NEW ROADS — Members of a group pushing to change the way Pointe Coupee government operates told the Police Jury on Tuesday they’ve collected about half of the signatures needed to force a vote on switching to a new form of government.

State Sen. Rob Marionneaux, D-Grosse Tete, and a group called Progress for Pointe Coupee, have been campaigning to move the parish from a Police Jury form of government to a setup with a parish president and a parish council.

Through his work in the state Legislature, Marionneaux said, he’s seen parishes with clearly defined executive and legislative branches progress rapidly while parishes governed by police juries stay stagnated.

Marionneaux appeared at the Police Jury’s regular meeting to repeat his request that jurors vote to form a home rule charter commission.

The commission, he said, would borrow ideas from other parishes in drafting a charter for Pointe Coupee, essentially a new parish constitution.

Once the commission drafts a charter, it could be placed before the public to enable parish residents to decide whether to install a parish president and parish council or retain the Police Jury, he said.

If jurors vote to form the commission, they would have the power to appoint its members, he said.

The alternative, Marionneaux said, is for Progress for Pointe Coupee to collect the 1,600 signatures — about 10 percent of the parish’s registered voters — needed to put the proposed home rule charter issue on an election ballot.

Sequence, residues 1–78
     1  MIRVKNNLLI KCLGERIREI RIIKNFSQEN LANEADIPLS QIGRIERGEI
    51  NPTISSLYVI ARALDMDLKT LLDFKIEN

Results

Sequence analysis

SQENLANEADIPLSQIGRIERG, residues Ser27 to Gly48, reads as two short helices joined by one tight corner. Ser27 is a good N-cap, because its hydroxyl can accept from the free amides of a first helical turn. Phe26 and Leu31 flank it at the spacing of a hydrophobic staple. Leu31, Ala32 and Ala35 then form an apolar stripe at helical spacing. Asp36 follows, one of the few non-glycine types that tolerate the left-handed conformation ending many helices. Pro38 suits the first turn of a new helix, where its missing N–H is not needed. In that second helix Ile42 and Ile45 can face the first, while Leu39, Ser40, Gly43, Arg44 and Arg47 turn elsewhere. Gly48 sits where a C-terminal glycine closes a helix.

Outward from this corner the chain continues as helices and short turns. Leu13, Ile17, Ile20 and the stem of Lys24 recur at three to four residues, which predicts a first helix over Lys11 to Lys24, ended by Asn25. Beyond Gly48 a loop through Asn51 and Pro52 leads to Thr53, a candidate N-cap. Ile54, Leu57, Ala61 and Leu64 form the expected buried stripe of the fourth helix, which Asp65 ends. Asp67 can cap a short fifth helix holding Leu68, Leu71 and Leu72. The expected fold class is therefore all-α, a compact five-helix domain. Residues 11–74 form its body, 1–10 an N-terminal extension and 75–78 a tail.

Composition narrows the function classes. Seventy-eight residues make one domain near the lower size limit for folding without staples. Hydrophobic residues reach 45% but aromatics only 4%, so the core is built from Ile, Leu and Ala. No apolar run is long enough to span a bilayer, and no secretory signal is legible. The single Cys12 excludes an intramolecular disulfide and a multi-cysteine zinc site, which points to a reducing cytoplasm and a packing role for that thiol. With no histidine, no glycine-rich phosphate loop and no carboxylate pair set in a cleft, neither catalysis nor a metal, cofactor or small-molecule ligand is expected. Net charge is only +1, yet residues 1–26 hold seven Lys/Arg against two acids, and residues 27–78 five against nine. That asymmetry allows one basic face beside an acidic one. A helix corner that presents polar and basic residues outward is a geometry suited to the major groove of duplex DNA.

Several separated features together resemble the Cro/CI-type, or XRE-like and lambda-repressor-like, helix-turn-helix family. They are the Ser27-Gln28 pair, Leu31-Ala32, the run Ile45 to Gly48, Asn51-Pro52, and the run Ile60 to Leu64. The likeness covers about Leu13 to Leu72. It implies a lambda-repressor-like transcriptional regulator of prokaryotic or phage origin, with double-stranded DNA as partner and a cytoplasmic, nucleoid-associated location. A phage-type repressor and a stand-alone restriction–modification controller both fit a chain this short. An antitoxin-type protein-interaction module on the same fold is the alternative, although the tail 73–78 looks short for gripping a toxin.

“Our signature drive is ongoing,” Marionneaux said. “We’ve got 800” signatures.

Marionneaux also brought along to the meeting St. Martin Parish President Guy Cormier, who told jurors that he’s seen first-hand the possibilities a home rule charter can open to a parish.

St. Martin Parish voters replaced their Police Jury with a parish president and parish council by 56 percent of the vote in 1999, Cormier said.

Since then, “we’ve seen how a business style of government has transformed how we do business,” Cormier said.

St. Martin Parish, operating under a home rule charter, Cormier said, has completed $40 million in infrastructure projects and has undertaken an $11 million courthouse renovation even as it has been able to roll back property taxes.

Those things, “would not have happened under a police jury,” Cormier said.

Pointe Coupee Police Jury members previously considered the home rule charter issue in March when they opted to hold a series of public meetings to inform the public on the pros and cons of each form of government in lieu of immediately forming a home rule charter commission.

Nothing has happened since then.

That inaction prompted Marionneaux, Cormier and Steve Boudreaux, a member of Progress, to petition the Police Jury again to vote to form the commission.

“The issue won’t go away,” Marionneaux said. “We’ll be here every three months or until we get the signatures.”

In the end, Police Jury President Melanie Bueche told the group that jurors are still considering scheduling a vote on forming a commission, but they need more time.

“We have not closed the door on this,” she said.